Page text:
Did you know it was hard to find time to read when you’re finishing a manuscript? I’m a little past 80,000 words and about to type The End… well, not really. I’ve finished the first draft and it’s mostly good words, but now I have 19 days to polish and add another 10,000 words. 🙂
Today I want to tell you about a book I read last month. I don’t usually read historicals but this one had a mystery and was about the Natchez Trace. That combination. along with the author being Pam Hillman, will tempt me anytime. And isn’t that a beautiful cover!
Here’s the back cover copy:
The Promise of Breeze Hill
Natchez, MS; 1791
Anxious for his brothers to join him on the rugged frontier along the Mississippi River, Connor O’Shea has no choice but to indenture himself as a carpenter in exchange for their passage from Ireland. But when he’s sold to Isabella Bartholomew of Breeze Hill Plantation, Connor fears he’ll repeat past mistakes and vows not to be tempted by the lovely lady.
The responsibilities of running Breeze Hill have fallen on Isabella’s shoulders after her brother was found dead in the swamps along the Natchez Trace and a suspicious fire devastated their crops, almost destroyed their home, and left her father seriously injured. Even with Connor’s help, Isabella fears she’ll lose her family’s plantation. Despite her growing feelings for the handsome Irish carpenter, she seriously considers accepting her wealthy and influential neighbor’s proposal of marriage.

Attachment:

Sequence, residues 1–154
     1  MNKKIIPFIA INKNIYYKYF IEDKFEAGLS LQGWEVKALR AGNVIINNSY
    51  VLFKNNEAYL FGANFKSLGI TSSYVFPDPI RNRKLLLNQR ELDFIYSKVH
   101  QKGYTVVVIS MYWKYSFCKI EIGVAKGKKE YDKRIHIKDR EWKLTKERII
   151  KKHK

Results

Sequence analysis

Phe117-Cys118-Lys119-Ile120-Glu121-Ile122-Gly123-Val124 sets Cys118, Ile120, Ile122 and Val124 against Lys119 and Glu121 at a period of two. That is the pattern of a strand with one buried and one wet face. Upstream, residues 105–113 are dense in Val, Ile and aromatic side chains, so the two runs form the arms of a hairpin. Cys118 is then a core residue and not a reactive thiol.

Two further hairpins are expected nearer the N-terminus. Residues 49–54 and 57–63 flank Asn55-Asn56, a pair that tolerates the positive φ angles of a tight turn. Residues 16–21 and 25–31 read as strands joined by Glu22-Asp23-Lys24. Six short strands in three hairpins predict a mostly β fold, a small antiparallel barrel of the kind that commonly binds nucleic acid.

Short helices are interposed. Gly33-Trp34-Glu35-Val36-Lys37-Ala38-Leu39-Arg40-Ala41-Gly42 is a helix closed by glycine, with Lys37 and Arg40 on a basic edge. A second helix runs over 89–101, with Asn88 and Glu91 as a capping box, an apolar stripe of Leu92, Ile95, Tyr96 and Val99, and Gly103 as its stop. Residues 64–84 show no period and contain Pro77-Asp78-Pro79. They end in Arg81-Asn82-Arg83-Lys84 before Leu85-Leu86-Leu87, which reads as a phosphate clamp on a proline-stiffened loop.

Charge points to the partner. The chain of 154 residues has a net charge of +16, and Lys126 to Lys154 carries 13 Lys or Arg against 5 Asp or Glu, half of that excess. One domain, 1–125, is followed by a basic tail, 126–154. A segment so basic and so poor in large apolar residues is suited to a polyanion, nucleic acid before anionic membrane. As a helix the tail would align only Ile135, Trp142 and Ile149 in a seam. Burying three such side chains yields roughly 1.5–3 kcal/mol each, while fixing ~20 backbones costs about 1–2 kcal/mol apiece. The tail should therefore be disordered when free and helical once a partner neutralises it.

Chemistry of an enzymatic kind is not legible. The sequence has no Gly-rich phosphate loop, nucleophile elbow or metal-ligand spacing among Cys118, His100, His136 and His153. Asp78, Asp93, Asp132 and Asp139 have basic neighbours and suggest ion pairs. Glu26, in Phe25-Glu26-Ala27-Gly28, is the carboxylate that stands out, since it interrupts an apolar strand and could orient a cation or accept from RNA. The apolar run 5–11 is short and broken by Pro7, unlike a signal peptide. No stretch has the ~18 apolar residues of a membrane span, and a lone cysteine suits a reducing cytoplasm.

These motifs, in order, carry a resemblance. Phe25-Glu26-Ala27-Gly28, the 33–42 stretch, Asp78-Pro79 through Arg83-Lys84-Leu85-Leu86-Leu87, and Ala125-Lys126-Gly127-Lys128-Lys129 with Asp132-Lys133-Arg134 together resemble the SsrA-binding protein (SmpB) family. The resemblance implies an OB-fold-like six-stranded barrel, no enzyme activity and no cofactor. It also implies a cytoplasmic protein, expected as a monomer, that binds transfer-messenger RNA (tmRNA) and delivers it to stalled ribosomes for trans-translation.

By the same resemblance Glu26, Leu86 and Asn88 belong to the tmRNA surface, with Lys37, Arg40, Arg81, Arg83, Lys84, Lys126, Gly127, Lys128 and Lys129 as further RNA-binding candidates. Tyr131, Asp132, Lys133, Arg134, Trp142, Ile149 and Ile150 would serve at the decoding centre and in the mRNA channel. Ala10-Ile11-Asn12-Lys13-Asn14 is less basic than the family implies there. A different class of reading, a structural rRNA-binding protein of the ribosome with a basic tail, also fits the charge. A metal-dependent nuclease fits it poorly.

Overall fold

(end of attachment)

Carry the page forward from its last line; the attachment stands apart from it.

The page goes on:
Soon, though, Connor realizes someone is out to eliminate the Bartholomew family. Can he set aside his own feelings to keep Isabella safe?
My take on the story:
Conner’s Irish brogue drew me in with the first sentence! He is a swoon-worthy hero–strong, honorable and his own man. Something he needed when he indentured himself to Miss Isabella Bartholomew of Breeze Hill Plantation so that he could bring his brothers over from Ireland. She is headstrong and he is stubborn, but when the outside forces from a den of thieves on the Natchez Trace threatened Breeze Hill, their differences were put aside and they worked together against the evil forces.
The Promise of Breeze Hill offers a nice mystery, a family you will care about, plenty of villains–and you’re not certain just who’s who, and a look at Mississippi history in the late 1700s.
Leave a comment and I’ll enter you in a drawing for one of the books in my library (including this one). How do you feel about historicals?